What Islam directs regarding the rights of minorities is quite contrary to what they (non-Muslim) have been facing in the Islamic Republic of Pakistan. Quran is frigid about providing rights to non-Islamic factions and it also directed Muslims in the majority to oversee minorities and ensure them of their rights. Allah (JallaJalalahu) says in Quran, Al Kahf (The cave), “Truth is from your Lord, so whoever wills – let him believe and whoever wills – let him disbelieve.” WILL, a big word if one can discern. It means it is their will to decide what religion they want to opt for. And further in continuance of this Ayat, the Creator mentioned that how they (non-believers) are going to be tormented. It implies that the Creator has the primacy and pre-eminence to torment or punish the non-believer but no human has the authority to punish anyone. Another reference from Quran is in Al-Baqarah (The Cow), it is envisaged as “No compulsion in Deen” which sheds light on and forbids the force-conversions. It explicitly means that you cannot impel someone forcefully to embrace Islam. The philosophy of this Ayat is largely misunderstood despite eminent scholars of different schools of thought have written much on it.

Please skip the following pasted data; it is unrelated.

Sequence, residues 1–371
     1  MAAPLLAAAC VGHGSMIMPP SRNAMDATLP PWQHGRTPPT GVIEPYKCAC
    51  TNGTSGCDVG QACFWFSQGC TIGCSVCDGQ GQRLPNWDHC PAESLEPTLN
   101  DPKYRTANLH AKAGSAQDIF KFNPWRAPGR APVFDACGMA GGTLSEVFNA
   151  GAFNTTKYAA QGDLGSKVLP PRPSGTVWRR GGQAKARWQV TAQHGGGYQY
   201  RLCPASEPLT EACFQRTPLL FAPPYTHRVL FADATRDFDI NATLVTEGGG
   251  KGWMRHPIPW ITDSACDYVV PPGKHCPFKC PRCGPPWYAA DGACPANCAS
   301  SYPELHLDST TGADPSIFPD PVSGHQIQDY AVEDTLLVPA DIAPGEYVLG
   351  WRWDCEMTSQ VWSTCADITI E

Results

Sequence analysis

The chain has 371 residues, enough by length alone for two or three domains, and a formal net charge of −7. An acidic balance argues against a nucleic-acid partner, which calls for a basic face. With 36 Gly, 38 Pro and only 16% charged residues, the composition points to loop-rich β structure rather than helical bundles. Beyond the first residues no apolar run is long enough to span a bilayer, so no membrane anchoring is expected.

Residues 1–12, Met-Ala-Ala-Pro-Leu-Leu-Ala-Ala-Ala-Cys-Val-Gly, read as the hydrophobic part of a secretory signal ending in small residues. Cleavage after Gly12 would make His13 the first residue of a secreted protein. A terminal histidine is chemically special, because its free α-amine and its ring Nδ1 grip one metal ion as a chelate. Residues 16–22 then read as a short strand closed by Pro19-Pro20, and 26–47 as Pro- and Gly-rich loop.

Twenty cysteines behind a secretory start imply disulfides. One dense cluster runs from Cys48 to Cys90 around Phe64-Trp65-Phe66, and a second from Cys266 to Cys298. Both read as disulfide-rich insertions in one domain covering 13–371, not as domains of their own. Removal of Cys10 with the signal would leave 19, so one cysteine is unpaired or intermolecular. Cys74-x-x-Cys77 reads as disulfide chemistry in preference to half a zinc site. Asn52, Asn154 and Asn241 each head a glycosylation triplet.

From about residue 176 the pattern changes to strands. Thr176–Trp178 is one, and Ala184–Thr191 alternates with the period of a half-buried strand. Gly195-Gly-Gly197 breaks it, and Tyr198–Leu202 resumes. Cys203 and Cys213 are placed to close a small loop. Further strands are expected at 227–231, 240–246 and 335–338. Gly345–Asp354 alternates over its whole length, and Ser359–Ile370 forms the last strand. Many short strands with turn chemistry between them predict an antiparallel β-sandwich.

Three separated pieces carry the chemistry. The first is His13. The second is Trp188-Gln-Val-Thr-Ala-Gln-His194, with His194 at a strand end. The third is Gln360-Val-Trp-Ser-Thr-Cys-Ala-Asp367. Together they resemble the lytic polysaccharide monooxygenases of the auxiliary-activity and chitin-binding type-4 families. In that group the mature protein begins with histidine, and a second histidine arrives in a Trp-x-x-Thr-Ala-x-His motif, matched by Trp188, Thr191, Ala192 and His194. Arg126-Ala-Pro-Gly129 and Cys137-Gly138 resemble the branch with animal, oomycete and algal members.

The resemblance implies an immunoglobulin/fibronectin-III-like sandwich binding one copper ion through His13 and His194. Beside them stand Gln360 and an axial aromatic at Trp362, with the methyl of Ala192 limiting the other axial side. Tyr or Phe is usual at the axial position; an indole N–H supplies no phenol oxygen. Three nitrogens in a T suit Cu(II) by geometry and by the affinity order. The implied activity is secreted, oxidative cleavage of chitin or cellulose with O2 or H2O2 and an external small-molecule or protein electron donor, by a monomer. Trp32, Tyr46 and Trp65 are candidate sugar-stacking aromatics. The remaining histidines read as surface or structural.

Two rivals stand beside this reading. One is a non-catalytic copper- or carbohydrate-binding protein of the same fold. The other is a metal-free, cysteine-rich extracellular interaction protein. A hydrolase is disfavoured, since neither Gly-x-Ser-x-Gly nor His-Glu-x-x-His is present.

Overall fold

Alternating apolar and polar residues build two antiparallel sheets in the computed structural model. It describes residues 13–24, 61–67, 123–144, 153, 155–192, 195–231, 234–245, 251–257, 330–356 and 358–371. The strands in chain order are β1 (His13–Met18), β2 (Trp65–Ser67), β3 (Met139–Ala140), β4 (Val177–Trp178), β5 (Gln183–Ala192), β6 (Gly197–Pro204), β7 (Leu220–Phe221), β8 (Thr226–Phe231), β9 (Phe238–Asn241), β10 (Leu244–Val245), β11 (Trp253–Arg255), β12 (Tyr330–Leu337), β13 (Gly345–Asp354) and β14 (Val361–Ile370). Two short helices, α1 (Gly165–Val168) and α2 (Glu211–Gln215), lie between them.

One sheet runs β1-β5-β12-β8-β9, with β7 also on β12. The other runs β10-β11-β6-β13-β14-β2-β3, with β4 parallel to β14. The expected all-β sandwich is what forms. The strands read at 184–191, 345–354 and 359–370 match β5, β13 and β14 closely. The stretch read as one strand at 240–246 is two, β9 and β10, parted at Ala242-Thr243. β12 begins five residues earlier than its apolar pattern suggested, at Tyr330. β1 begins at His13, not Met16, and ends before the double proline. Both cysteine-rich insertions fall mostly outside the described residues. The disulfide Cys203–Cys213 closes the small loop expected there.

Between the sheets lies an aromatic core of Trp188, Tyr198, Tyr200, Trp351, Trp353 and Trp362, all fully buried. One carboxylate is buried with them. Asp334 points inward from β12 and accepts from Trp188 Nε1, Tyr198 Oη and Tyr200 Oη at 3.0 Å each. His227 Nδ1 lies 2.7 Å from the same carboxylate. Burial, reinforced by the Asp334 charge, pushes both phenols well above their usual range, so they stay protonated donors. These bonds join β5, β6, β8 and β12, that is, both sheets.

In Quran Al-Anbiya (The Prophets) God declared: “And We have not sent you, except as a mercy to the worlds”. Prophet Muhammad (SAAW) sent down by Allah as a Rehmat (blessings) for not only this world but all the worlds. It is not mentioned for Muslims only. Therefore, the last prophet provides humanity with his mercy as a practical concept of Justice, Equity and Fairness. Another aspect of mercy is how Prophet provided justice to the non-Muslim community.